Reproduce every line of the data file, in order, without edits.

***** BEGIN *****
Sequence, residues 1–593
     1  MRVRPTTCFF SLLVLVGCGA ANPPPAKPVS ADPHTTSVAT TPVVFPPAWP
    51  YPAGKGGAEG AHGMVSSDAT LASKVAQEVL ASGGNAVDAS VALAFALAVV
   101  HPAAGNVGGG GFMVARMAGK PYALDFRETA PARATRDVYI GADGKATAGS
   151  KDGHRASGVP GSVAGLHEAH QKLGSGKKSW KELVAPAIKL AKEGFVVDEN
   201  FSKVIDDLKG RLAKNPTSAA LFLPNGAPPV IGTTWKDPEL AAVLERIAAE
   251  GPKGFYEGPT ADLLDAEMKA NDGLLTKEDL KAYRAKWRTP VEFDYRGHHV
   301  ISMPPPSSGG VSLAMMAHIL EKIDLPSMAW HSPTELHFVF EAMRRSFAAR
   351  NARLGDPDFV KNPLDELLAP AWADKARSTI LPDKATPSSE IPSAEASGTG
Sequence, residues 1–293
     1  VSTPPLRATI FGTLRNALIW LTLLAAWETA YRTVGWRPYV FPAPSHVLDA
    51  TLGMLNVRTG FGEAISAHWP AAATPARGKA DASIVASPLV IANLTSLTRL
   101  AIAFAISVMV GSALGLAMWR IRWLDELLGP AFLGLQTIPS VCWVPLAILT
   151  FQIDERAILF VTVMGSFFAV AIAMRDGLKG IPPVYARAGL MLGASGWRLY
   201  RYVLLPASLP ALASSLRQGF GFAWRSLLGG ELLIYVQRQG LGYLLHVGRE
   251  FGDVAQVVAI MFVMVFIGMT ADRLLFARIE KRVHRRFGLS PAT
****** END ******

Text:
Sequence, residues 1–593
     1  MRVRPTTCFF SLLVLVGCGA ANPPPAKPVS ADPHTTSVAT TPVVFPPAWP
    51  YPAGKGGAEG AHGMVSSDAT LASKVAQEVL ASGGNAVDAS VALAFALAVV
   101  HPAAGNVGGG GFMVARMAGK PYALDFRETA PARATRDVYI GADGKATAGS
   151  KDGHRASGVP GSVAGLHEAH QKLGSGKKSW KELVAPAIKL AKEGFVVDEN
   201  FSKVIDDLKG RLAKNPTSAA LFLPNGAPPV IGTTWKDPEL AAVLERIAAE
   251  GPKGFYEGPT ADLLDAEMKA NDGLLTKEDL KAYRAKWRTP VEFDYRGHHV
   301  ISMPPPSSGG VSLAMMAHIL EKIDLPSMAW HSPTELHFVF EAMRRSFAAR
   351  NARLGDPDFV KNPLDELLAP AWADKARSTI LPDKATPSSE IPSAEASGTG
Sequence, residues 1–293
     1  VSTPPLRATI FGTLRNALIW LTLLAAWETA YRTVGWRPYV FPAPSHVLDA
    51  TLGMLNVRTG FGEAISAHWP AAATPARGKA DASIVASPLV IANLTSLTRL
   101  AIAFAISVMV GSALGLAMWR IRWLDELLGP AFLGLQTIPS VCWVPLAILT
   151  FQIDERAILF VTVMGSFFAV AIAMRDGLKG IPPVYARAGL MLGASGWRLY
   201  RYVLLPASLP ALASSLRQGF GFAWRSLLGG ELLIYVQRQG LGYLLHVGRE
   251  FGDVAQVVAI MFVMVFIGMT ADRLLFARIE KRVHRRFGLS PAT